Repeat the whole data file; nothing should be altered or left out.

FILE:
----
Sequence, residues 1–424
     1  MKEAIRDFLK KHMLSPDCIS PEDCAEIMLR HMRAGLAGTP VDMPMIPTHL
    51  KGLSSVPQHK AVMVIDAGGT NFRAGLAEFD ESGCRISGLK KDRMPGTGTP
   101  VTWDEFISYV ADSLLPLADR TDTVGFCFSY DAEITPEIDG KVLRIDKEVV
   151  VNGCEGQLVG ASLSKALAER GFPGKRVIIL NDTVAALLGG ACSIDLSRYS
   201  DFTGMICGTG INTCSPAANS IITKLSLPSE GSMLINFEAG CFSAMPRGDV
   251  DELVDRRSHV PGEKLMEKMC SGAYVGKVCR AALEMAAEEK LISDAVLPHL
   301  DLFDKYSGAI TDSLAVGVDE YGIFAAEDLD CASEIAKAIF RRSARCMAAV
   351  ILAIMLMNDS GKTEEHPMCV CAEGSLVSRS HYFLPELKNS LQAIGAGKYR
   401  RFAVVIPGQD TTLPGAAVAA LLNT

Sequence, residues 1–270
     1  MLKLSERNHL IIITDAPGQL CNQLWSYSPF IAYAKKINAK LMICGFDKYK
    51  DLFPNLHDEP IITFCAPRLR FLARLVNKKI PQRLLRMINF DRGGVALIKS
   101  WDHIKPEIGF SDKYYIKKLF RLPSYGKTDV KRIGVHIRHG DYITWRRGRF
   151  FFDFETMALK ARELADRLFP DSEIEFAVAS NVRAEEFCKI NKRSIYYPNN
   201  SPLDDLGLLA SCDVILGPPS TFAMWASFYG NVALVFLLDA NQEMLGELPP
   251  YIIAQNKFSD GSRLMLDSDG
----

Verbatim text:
Sequence, residues 1–424
     1  MKEAIRDFLK KHMLSPDCIS PEDCAEIMLR HMRAGLAGTP VDMPMIPTHL
    51  KGLSSVPQHK AVMVIDAGGT NFRAGLAEFD ESGCRISGLK KDRMPGTGTP
   101  VTWDEFISYV ADSLLPLADR TDTVGFCFSY DAEITPEIDG KVLRIDKEVV
   151  VNGCEGQLVG ASLSKALAER GFPGKRVIIL NDTVAALLGG ACSIDLSRYS
   201  DFTGMICGTG INTCSPAANS IITKLSLPSE GSMLINFEAG CFSAMPRGDV
   251  DELVDRRSHV PGEKLMEKMC SGAYVGKVCR AALEMAAEEK LISDAVLPHL
   301  DLFDKYSGAI TDSLAVGVDE YGIFAAEDLD CASEIAKAIF RRSARCMAAV
   351  ILAIMLMNDS GKTEEHPMCV CAEGSLVSRS HYFLPELKNS LQAIGAGKYR
   401  RFAVVIPGQD TTLPGAAVAA LLNT

Sequence, residues 1–270
     1  MLKLSERNHL IIITDAPGQL CNQLWSYSPF IAYAKKINAK LMICGFDKYK
    51  DLFPNLHDEP IITFCAPRLR FLARLVNKKI PQRLLRMINF DRGGVALIKS
   101  WDHIKPEIGF SDKYYIKKLF RLPSYGKTDV KRIGVHIRHG DYITWRRGRF
   151  FFDFETMALK ARELADRLFP DSEIEFAVAS NVRAEEFCKI NKRSIYYPNN
   201  SPLDDLGLLA SCDVILGPPS TFAMWASFYG NVALVFLLDA NQEMLGELPP
   251  YIIAQNKFSD GSRLMLDSDG